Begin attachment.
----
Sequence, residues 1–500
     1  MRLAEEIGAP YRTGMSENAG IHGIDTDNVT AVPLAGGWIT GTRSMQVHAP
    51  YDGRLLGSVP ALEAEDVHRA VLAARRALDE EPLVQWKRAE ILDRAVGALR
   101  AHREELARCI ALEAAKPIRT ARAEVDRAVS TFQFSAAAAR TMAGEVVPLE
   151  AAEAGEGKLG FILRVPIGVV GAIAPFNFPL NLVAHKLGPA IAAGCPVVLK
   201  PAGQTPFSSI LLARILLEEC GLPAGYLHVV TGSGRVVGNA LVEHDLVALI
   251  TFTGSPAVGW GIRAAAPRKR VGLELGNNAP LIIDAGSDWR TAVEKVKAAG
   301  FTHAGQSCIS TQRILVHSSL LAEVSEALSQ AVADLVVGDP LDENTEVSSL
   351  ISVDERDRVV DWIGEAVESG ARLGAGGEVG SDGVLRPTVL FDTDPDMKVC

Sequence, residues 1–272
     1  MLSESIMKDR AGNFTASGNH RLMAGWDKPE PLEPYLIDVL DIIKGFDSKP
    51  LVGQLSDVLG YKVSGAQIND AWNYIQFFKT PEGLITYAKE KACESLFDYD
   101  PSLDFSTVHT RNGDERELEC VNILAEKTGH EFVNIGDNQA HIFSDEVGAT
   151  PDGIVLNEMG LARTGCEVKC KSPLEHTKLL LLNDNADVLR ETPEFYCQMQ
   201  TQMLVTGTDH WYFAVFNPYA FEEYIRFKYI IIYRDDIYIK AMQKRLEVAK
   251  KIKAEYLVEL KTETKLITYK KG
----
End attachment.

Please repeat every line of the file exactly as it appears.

Sequence, residues 1–500
     1  MRLAEEIGAP YRTGMSENAG IHGIDTDNVT AVPLAGGWIT GTRSMQVHAP
    51  YDGRLLGSVP ALEAEDVHRA VLAARRALDE EPLVQWKRAE ILDRAVGALR
   101  AHREELARCI ALEAAKPIRT ARAEVDRAVS TFQFSAAAAR TMAGEVVPLE
   151  AAEAGEGKLG FILRVPIGVV GAIAPFNFPL NLVAHKLGPA IAAGCPVVLK
   201  PAGQTPFSSI LLARILLEEC GLPAGYLHVV TGSGRVVGNA LVEHDLVALI
   251  TFTGSPAVGW GIRAAAPRKR VGLELGNNAP LIIDAGSDWR TAVEKVKAAG
   301  FTHAGQSCIS TQRILVHSSL LAEVSEALSQ AVADLVVGDP LDENTEVSSL
   351  ISVDERDRVV DWIGEAVESG ARLGAGGEVG SDGVLRPTVL FDTDPDMKVC

Sequence, residues 1–272
     1  MLSESIMKDR AGNFTASGNH RLMAGWDKPE PLEPYLIDVL DIIKGFDSKP
    51  LVGQLSDVLG YKVSGAQIND AWNYIQFFKT PEGLITYAKE KACESLFDYD
   101  PSLDFSTVHT RNGDERELEC VNILAEKTGH EFVNIGDNQA HIFSDEVGAT
   151  PDGIVLNEMG LARTGCEVKC KSPLEHTKLL LLNDNADVLR ETPEFYCQMQ
   201  TQMLVTGTDH WYFAVFNPYA FEEYIRFKYI IIYRDDIYIK AMQKRLEVAK
   251  KIKAEYLVEL KTETKLITYK KG